As a child, it took me a while to get the correct meaning of “That’s pretty vanilla.” To me, it seemed that something pretty vanilla would be consistently smooth, creamy and delicious. No surprises, maybe, but there’s nothing wrong with having more substance than style. That approach got Tim Duncan — and his jean shorts — five rings. Still, some people like to get wild and buy French Vanilla instead of regular. So why not take it up a notch and try the Dutch version, Vanilla Kush? Made from Afghani and Kashmir strains instead of milk and cream, Vanilla Kush was developed by Amsterdam breeder Barney’s Farm, which introduced it to the world at the 2009 High Times Cannabis Cup. I’ve been chasing it ever since.
My first taste of Colorado’s take on Vanilla Kush came from the Mayflower dispensary, a now-defunct LoDo shop. It’s a shame that the Mayflower is no longer with us, because it had some decent pot, including its Vanilla Kush. Zesty, creamy notes of vanilla and floral hints of lavender were present in each hit of the Mayflower’s cut, calming me with each smell, hit and taste. Its effects matched up with its lulling aroma, creating heavy eyelids and emptying my brains before ultimately putting me to sleep.
Vanilla Kush probably won’t ever be a top-five selling strain, but it’s been a consistent presence on dispensary shelves in Denver for more than a half-dozen years. Herbal Wellness, The Joint, Oasis Cannabis Superstores, Reefer Madness and Strainwise dispensaries all carry Vanilla Kush, and it’s been known to pop up in other pot shops from time to time. Cuts from Oasis and the Joint, both from a wholesale grow and priced as such, were a little too harsh on the throat and had trichomes that weren’t fully developed, but they lulled me to sleep all the same. Reefer Madness offers eighths of the strain at a similar quality for $25.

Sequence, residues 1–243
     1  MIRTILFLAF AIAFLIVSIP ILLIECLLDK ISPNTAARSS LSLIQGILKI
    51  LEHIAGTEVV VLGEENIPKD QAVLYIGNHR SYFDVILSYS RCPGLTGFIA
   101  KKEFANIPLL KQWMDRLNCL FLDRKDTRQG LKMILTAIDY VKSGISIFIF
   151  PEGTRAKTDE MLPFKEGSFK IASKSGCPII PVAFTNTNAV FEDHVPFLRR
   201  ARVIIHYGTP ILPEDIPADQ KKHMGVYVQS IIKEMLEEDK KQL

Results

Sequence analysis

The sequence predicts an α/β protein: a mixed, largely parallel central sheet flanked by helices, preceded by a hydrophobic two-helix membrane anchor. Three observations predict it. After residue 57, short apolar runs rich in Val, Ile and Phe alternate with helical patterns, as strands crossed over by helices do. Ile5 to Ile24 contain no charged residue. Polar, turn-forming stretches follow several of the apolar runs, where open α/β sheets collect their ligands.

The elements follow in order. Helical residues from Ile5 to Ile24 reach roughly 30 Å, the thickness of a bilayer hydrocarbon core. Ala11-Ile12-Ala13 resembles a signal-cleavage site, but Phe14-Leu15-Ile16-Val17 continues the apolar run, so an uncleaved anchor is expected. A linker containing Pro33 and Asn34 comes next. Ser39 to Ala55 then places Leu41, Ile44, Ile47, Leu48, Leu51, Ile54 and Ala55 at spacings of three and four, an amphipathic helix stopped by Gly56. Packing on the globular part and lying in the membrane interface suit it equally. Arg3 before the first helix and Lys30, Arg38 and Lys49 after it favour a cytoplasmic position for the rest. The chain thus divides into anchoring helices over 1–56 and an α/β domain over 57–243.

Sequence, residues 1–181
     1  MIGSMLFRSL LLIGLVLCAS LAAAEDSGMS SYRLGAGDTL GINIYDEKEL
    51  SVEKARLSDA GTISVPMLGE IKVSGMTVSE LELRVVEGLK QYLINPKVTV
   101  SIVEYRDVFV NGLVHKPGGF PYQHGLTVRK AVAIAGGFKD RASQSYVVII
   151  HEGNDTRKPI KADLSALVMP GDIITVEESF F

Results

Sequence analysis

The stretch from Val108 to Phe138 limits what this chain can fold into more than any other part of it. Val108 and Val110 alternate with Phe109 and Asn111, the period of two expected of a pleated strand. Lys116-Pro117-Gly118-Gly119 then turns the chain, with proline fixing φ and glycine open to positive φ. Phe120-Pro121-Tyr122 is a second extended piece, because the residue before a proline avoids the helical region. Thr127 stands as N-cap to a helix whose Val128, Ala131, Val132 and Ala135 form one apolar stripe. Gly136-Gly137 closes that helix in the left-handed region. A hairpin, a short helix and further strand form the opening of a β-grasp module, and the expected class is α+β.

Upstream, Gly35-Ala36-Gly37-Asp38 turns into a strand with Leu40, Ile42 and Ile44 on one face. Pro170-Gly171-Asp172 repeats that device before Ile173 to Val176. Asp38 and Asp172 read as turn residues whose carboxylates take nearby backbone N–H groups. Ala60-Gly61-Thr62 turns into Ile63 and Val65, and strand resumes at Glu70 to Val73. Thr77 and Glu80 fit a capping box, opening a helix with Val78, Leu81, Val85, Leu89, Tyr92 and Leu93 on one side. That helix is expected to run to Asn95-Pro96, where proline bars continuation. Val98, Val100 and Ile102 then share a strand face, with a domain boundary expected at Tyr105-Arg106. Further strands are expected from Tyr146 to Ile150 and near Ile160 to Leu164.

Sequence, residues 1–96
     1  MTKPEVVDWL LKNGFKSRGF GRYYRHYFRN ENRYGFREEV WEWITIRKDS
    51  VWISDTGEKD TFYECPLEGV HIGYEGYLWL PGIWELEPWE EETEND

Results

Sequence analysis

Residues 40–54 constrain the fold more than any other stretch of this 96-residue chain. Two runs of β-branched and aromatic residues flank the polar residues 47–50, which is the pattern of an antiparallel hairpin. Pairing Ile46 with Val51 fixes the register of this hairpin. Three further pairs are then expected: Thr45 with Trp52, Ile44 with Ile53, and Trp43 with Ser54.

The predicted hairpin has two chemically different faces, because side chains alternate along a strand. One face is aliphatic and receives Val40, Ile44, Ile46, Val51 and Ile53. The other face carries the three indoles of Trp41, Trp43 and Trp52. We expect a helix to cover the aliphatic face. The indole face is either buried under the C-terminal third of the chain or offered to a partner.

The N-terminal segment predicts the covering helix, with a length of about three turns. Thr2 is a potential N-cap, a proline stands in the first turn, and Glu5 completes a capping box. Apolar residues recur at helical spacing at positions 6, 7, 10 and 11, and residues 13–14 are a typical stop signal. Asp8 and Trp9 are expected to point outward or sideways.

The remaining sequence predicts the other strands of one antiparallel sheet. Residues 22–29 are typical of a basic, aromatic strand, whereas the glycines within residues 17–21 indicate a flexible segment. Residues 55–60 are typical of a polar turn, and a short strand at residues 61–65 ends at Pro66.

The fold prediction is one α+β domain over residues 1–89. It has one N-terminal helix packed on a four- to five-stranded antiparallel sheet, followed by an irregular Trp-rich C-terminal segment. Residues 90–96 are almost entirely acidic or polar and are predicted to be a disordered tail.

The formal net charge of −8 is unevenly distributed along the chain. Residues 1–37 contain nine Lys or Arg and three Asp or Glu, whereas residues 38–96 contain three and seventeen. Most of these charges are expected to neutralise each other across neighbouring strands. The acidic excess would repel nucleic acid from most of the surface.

Looks: Although the calyx density can range from tight and compact to open and loose, Vanilla Kush traditionally comes packaged in pointy nugs with golden-tan trichomes. Length can also differ depending on the phenotype, with some having more narrow, open nugs that take longer to bloom.
Smell: The aroma quickly gives it away as an indica; the strain’s relaxing floral scents of vanilla, lavender and chamomile are more reminiscent of a hot bath than of cannabis. The calming scents pair well with hash and bubble-gum notes from its Afghani heritage, which are brought back down to earth with a dank soil back end.
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Flavor: Spicy, warm flavors of vanilla and floral hints of lemon (sweet, not tart) greet tastebuds after the initial spark, while subtle hints of soil and hash round out each hit. While Vanilla Kush’s flavor is distinctive, it can be easily hidden by poorly flushed flower or slightly dirty glass, so toke accordingly.
Effects: Although euphoric and not debilitating at first, Vanilla Kush quickly robs users of focus and wit. It’s a heavy indica and should be treated with respect; I always advise friends to stay away from it during the daytime unless medicating or trying to fall asleep. Medical patients use it to treat minor pain, eating disorders, nausea and depression, but the strain’s strongest benefit for most users is stress relief.
Home grower’s take: “Such a relaxing strain, and I’m not even talking about smoking it. Its smell is just easy on the nose. Sativas are usually the ones that kind of give off their effects in their smell, like, when your eyes pop after smelling a Diesel — but Vanilla Kush does that on the other end. It’s aromatherapy. Takes a while in the grow, though — at least nine or ten weeks. I’ve had short, fat buds that bloom faster, and longer ones that flower more and take a week longer. That’s why that distinctive smell is so important.”
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